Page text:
A licence is a permission granted by the owner of IP that allows another party to act under all or some of the owner’s rights, usually under a written licence agreement.
Licence agreements describe the rights and responsibilities related to the use and exploitation of IP. Queen’s licence agreements usually stipulate that the licensee should act diligently to bring the intellectual property into commercial use for the public good and provide a reasonable return to the University.
A licensee is chosen based on its ability to commercialise the technology. Sometimes an established business with experience in similar technologies and markets is the best choice. In other cases, the formation and development of a start-up is a better option.
A share of the net income from a licence is returned to the inventor(s) but inventors also gain the satisfaction of knowing that their inventions are having a direct impact to society. New and enhanced relationships with businesses also augment a faculty member’s teaching, research, and consulting activities.
What is the relationship between an inventor and a licensee, and how much of my time will it require?
Many licensees will be more successful in their commercialisation efforts if the inventor is actively involved. This can range from infrequent, informal contacts to a more formal consulting relationship. Working with a new start-up business can require substantially more time, depending on your role within the company and your continuing role within the University.
Non-Disclosure Agreements (NDAs), also known as Confidential Disclosure Agreements (CDAs), are often used to protect the confidentiality of an invention during its assessment by potential licensees. NDAs also protect proprietary information of third parties which University researchers need to review in order to conduct research or evaluate research opportunities. We enter into NDAs for University proprietary information shared with someone outside the University. Depending on the circumstance, the Commercial Development team can give guidance on incoming NDAs related to research contracts.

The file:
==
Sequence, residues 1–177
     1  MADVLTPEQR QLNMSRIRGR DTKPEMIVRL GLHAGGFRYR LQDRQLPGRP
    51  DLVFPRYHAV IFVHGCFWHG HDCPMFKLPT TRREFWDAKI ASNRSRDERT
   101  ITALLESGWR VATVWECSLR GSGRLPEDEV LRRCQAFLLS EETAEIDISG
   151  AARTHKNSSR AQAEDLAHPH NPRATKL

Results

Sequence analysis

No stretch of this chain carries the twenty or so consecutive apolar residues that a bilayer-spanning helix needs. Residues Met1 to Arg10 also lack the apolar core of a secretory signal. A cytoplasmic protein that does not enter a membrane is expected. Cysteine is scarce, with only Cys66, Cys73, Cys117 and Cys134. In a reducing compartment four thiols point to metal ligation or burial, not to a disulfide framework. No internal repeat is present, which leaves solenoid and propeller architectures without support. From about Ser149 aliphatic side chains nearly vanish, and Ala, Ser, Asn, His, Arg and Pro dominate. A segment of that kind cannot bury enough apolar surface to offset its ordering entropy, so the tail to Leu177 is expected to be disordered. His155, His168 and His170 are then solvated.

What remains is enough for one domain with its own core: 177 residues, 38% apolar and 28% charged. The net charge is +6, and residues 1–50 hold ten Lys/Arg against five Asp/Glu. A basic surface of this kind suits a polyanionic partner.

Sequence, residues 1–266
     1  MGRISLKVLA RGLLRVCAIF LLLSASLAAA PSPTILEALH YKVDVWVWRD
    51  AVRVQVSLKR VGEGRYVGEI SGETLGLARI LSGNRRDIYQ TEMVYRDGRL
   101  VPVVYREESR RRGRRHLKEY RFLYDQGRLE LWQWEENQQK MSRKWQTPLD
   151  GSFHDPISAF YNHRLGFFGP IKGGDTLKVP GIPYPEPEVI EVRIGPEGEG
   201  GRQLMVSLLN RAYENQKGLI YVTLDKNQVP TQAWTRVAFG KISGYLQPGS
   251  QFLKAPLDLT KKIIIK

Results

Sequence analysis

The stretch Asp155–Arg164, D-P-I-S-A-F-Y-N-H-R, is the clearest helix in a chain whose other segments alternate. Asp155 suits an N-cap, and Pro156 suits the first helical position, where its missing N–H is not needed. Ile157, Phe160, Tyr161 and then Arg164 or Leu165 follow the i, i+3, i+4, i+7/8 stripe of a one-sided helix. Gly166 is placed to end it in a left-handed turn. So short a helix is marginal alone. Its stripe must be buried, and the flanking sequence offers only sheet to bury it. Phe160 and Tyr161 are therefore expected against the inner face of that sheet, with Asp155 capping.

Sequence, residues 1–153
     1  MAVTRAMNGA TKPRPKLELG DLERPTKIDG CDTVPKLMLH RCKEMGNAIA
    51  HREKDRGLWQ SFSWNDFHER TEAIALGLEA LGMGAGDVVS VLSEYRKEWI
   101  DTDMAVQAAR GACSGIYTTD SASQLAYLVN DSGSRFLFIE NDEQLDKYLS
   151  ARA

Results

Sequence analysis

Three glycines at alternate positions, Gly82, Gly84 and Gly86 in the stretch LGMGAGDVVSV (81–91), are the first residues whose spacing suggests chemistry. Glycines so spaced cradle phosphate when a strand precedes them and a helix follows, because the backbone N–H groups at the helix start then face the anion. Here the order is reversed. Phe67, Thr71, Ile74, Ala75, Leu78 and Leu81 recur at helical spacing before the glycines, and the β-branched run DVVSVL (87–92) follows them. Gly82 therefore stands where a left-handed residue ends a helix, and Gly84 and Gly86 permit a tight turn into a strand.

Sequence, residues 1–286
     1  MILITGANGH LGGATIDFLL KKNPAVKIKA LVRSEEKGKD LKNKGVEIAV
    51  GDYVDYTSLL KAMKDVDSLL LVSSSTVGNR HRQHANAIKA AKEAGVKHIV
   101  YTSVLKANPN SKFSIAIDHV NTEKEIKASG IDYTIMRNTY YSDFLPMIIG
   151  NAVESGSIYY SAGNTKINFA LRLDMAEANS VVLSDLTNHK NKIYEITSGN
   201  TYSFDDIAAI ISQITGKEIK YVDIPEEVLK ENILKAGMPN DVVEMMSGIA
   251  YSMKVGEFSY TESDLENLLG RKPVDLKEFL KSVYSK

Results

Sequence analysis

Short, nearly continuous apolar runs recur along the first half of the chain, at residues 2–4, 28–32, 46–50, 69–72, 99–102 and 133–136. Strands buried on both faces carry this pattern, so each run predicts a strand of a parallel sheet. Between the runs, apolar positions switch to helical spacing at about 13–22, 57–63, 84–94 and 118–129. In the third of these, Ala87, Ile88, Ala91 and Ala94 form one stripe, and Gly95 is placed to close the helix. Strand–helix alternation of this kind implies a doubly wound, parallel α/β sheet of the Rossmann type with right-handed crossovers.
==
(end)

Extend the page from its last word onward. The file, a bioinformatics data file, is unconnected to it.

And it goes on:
Material Transfer Agreements (MTAs) are used for incoming and outgoing materials at the University. These agreements describe the terms under which University researchers and outside researchers may share materials, typically for research or evaluation purposes. Queen’s does not require or encourage the use of an MTA when you are giving non-human, biological material to be used for in vitro research purposes to your research colleagues.
Inter-Institutional Agreements (IIAs) describe the terms under which two or more institutions (e.g., two universities) will cooperate to assess, protect, market, license, and share in the royalties received from licensing jointly-owned intellectual property.
Option Agreements, or Option Clauses within research agreements, describe the conditions under which the University reserves a right for a third party to negotiate a licence for IP. Option clauses are often provided in a Collaborative Research Agreement. Option Agreements are entered into with third parties wishing to assess the technology for a fixed period prior to entering into a full licence agreement.
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